Just like the rookie at our FD, MDFR's Wayne became one of "us". He must have had some idea of what "our" world was like -- and couldn't wait to become a part of it. Party On Wayne.
And he did finally become a part of it ... a "new" gung-ho, enthusiastic "studying-his-butt-off-in probie school" member of THE FAMILY. He studied, got "the job" and all comments and reports are that he excelled in his rookie class. Now, he must have thought, this is very, VERY COOL. Life was great before, but now - "I'm a firefighter ... I'm on THE JOB." Remember that feeling?
Wayne's World changed, becoming even better than it was before. Now he was one of us......Excellent.
The rest of the story? It's over.
As quick as his NEW, exciting "fire-rescue service" life began-it came to an abrupt and tragic end. "Wayne's World" ... with it's latest improvement -- which was "him" becoming "one of us" ended almost before it even really started on Friday, when he lost his life while at a training evolution.
There will be ...
- No getting up early for the first shift at the firehouse.
- No making sure the uniform was perfect.
- No extra duties such as cleaning ALL the dishes...twice.
- No short sheeted bed.
- No being assigned to go to headquarters to get four, left handed spanner wrenches.
- No attempts at cooking the firehouse meal-under the hungry eye of a 25 year Sr. FF.
- No using the bathroom ... and finding saran wrap over the toilet.
- No participation in the FD softball team.
- No first working fire with lights and sirens, looking over and seeing smoke showing.
- No training at the company level.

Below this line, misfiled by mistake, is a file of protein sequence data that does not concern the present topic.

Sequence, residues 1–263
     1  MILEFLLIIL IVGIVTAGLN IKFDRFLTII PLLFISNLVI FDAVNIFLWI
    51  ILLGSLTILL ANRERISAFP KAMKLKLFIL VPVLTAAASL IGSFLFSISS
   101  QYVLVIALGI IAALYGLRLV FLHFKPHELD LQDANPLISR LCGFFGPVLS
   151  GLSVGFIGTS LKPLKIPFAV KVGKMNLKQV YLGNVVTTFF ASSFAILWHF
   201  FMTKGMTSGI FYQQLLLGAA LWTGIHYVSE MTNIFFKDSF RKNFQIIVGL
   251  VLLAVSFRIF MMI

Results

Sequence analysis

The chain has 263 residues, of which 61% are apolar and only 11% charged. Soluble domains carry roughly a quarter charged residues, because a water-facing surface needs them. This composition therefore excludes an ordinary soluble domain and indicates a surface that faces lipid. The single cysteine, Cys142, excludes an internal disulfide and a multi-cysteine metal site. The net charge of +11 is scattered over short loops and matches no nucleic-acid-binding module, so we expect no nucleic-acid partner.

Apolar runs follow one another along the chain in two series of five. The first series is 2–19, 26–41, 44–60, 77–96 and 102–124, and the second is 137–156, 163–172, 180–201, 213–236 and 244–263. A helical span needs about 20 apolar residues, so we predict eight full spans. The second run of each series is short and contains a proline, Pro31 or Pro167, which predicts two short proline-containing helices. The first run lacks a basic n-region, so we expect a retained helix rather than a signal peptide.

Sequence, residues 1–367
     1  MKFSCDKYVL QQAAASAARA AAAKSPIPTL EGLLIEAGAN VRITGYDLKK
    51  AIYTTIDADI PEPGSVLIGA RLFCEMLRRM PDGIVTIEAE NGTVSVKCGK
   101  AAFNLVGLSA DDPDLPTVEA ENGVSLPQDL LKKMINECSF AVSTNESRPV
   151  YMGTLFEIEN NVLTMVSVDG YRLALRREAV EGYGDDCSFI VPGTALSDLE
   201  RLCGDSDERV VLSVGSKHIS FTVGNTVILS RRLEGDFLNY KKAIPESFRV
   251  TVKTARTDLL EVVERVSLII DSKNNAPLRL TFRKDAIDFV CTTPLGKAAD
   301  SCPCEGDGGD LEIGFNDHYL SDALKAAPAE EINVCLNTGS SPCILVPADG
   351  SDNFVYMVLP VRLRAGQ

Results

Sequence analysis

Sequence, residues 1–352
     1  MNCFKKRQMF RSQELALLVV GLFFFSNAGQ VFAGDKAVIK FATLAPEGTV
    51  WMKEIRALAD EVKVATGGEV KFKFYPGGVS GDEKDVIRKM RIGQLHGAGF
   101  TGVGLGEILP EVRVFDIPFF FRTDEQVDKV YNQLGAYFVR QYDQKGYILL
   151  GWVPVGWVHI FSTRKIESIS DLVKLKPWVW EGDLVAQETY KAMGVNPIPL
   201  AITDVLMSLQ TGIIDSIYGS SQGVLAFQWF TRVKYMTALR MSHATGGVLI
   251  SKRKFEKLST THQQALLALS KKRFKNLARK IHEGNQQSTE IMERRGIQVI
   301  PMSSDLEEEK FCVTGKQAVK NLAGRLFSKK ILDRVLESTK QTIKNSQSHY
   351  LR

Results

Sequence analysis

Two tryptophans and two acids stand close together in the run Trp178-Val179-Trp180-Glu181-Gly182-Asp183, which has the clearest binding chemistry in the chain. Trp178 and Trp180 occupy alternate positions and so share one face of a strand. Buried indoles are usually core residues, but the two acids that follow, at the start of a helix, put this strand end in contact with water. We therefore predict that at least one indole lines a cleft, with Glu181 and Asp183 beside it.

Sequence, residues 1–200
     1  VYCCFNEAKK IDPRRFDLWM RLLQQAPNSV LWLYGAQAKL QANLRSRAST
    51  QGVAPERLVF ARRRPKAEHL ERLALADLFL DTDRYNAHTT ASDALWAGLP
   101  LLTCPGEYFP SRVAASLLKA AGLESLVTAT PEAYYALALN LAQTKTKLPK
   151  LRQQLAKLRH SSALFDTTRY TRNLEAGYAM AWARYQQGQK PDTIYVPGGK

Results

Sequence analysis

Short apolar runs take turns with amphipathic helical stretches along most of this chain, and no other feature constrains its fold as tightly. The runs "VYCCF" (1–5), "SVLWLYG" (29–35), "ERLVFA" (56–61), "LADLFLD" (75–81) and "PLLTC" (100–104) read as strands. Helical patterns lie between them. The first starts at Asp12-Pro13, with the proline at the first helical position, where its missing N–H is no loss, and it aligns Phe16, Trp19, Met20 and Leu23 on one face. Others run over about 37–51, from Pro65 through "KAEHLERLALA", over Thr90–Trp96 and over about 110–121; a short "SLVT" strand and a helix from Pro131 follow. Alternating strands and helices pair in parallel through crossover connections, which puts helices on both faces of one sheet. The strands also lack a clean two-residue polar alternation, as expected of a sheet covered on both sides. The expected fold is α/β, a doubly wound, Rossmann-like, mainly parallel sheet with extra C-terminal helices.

- No driver/engineer training.
- No showing the next "generation" of clueless probies how do a primary search.
- No responses at 0330 for someone with a hangnail.
- No responses at 0345 for the house fire ... with kids trapped.
- No feeling, ever, of what it is like when "you and your crew" get those kids out.
- No promotional tests.
- No retirement parties.
The cause of Wayne's death while at a training evolution has yet to be determined. But the officials are looking into several factors that include:
- Wayne was still inside while all others had exited. Apparently, it was not clear that he was in trouble until his four classmates emerged without him.
- It is reported that Wayne suffered severe burns to his hands and knees during the drill. So did some of the other rookies being trained.
The various investigations will come out with the facts involving this specific incident in the coming days. We really hope, that in some manner, the end result of the investigation will make a positive difference in the future of firefighter training everywhere. That would be "excellent."